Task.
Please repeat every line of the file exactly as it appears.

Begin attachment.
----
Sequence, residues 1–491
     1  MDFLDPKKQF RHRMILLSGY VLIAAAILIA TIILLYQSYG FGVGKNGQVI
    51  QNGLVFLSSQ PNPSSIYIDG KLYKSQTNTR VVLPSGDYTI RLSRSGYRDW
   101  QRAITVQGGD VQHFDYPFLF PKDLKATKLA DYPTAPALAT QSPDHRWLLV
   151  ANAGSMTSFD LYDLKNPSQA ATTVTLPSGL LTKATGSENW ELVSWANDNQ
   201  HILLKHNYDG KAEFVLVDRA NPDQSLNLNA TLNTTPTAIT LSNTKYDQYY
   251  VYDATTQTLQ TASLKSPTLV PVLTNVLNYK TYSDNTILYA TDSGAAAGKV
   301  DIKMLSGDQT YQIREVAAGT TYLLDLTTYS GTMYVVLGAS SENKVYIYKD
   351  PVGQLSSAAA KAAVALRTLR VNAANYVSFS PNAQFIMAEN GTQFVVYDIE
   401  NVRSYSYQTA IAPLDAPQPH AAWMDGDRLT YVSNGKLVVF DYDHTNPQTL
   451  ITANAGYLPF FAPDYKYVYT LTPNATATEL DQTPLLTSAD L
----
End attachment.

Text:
Sequence, residues 1–491
     1  MDFLDPKKQF RHRMILLSGY VLIAAAILIA TIILLYQSYG FGVGKNGQVI
    51  QNGLVFLSSQ PNPSSIYIDG KLYKSQTNTR VVLPSGDYTI RLSRSGYRDW
   101  QRAITVQGGD VQHFDYPFLF PKDLKATKLA DYPTAPALAT QSPDHRWLLV
   151  ANAGSMTSFD LYDLKNPSQA ATTVTLPSGL LTKATGSENW ELVSWANDNQ
   201  HILLKHNYDG KAEFVLVDRA NPDQSLNLNA TLNTTPTAIT LSNTKYDQYY
   251  VYDATTQTLQ TASLKSPTLV PVLTNVLNYK TYSDNTILYA TDSGAAAGKV
   301  DIKMLSGDQT YQIREVAAGT TYLLDLTTYS GTMYVVLGAS SENKVYIYKD
   351  PVGQLSSAAA KAAVALRTLR VNAANYVSFS PNAQFIMAEN GTQFVVYDIE
   401  NVRSYSYQTA IAPLDAPQPH AAWMDGDRLT YVSNGKLVVF DYDHTNPQTL
   451  ITANAGYLPF FAPDYKYVYT LTPNATATEL DQTPLLTSAD L